EU commission: More CSR obligations for companies

Quiz question: Where is “shared value” hidden in this graph from HBR 1/2011?

Yesterday, we had a workshop with Seco and Swiss stakeholders, where we presented results of our feasibility study on a “Sustainable Trading Initiative Switzerland”. We argued in favour of a national plattform that enables that Swiss companies and public buyers learn more about sustainable trade, because in future, Swiss companies need to invest more into sustainability issues, if they want to remain competitive. At that time, I didn’t know that two days earlier, the EU commission additionally gave important political reasons for investing into CSR.

On Tuesday, the EU Commission published a 15 pages long “COMMUNICATION FROM THE COMMISSION : A renewed EU strategy 2011-14 for Corporate Social Responsibility“. Definitely, a MUST-read for all interested in the future of CSR. I will briefly sum up some important issues: The European Commission’s new strategy on corporate social responsibility (CSR), is

“part of a package of measures on responsible business (see IP/11/1238), aims to help enterprises achieve their full potential in terms of creating wealth, jobs and innovative solutions to the many challenges facing Europe’s society. It sets out how enterprises can benefit from CSR as well as contributing to society as a whole by taking greater steps to meet their social responsibility.”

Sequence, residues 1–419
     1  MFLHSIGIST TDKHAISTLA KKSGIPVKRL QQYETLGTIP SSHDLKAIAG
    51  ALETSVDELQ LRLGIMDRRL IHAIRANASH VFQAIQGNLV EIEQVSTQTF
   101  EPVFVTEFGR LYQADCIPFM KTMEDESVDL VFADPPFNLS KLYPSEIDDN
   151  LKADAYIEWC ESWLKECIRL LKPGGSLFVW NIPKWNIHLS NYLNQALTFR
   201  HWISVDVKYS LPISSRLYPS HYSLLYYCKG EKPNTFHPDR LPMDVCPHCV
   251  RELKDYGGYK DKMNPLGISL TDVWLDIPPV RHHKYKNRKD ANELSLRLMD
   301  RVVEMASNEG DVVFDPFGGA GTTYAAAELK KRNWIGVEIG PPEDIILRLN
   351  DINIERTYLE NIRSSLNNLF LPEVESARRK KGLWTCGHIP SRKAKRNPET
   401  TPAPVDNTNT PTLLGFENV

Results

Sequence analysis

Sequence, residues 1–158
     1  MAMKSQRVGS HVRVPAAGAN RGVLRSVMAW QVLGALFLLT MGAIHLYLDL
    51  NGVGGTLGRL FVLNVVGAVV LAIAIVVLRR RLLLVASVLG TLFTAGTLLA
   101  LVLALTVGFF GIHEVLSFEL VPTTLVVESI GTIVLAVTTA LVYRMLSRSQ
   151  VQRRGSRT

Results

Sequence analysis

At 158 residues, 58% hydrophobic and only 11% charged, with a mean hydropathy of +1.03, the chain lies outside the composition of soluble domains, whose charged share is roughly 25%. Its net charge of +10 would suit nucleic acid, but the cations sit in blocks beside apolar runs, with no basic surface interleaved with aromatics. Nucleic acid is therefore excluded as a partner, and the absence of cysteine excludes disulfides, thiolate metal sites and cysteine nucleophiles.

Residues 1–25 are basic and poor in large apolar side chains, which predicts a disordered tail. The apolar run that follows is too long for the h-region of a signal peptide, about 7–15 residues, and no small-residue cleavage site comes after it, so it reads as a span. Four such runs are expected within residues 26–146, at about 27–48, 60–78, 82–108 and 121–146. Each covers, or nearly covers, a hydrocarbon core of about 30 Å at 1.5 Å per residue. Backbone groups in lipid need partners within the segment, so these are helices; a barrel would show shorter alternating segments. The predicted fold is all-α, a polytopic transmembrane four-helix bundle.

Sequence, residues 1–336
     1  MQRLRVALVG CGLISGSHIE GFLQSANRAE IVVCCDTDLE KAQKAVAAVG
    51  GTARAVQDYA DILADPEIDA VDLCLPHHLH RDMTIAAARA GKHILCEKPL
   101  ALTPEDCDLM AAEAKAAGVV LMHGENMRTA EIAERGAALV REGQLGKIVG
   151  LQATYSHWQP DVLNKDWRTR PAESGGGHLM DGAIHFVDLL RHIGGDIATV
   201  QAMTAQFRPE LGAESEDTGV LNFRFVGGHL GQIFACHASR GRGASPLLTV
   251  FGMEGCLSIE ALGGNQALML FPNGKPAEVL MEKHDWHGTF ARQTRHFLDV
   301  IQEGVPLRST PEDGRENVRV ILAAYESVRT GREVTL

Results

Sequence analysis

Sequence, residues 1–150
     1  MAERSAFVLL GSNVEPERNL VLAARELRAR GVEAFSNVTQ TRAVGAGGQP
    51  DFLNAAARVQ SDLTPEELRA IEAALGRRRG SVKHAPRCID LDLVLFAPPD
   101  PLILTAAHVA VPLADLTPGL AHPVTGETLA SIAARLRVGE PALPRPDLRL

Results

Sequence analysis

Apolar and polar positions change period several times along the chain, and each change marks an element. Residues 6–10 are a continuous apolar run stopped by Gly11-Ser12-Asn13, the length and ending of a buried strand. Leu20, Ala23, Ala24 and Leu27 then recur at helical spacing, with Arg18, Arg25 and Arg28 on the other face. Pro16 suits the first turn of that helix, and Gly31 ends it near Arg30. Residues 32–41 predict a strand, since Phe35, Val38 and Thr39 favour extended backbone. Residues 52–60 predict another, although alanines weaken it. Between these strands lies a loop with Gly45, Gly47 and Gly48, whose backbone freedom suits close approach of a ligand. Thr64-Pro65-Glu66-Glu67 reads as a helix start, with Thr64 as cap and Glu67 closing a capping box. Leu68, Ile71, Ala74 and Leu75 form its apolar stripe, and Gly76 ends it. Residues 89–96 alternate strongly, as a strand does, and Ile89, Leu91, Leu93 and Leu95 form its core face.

The Commission now newly defines CSR as:

“the responsibility of enterprises for their impacts on society” – instead of its much criticized definition:

“a concept whereby companies integrate social and environmental concerns in their business operations and in their interaction with their stakeholders on a voluntary basis”.

In the Commission’s view, companies should “have a process in place to integrate social, environmental, ethical human rights and consumer concerns into their business operations and core strategy in close cooperation with their stakeholders”. It emphasizes

  • the importance of intgrating CSR into the core business strategy,
  • creating and maximizing shared value,
  • explicit recognition of Human Rights and ethical considerations.

The German “Council for sustainable development” evaluates the new strategy as progressive. It emphasizes that the Commission plans to oblige companies more to CSR-guidelines, prohibit greenwashing and that it announced to soon propose laws that make social and ecological reporting obligatory. Obviously, corporate lobby organizations are vehemently protesting against the new plans and defending CSR’s voluntary character (look at BDA and also look at the article in the Handelsblatt). And also obviously, the CORA network on Corporate Accountability is supporting the proposal.

I have not read the agenda in detail yet, as I am off to a weekend in Montreux at Lac Lemand … but I will report more details when I am back.

In the meantime, you might read Michael Porter’s January “big idea” article in Harvard Business Review on “Creating shared value” – or watch his video on “rethinking capitalism“. I guess the EU proposal reflects on this. This picture sums up his “big idea”.



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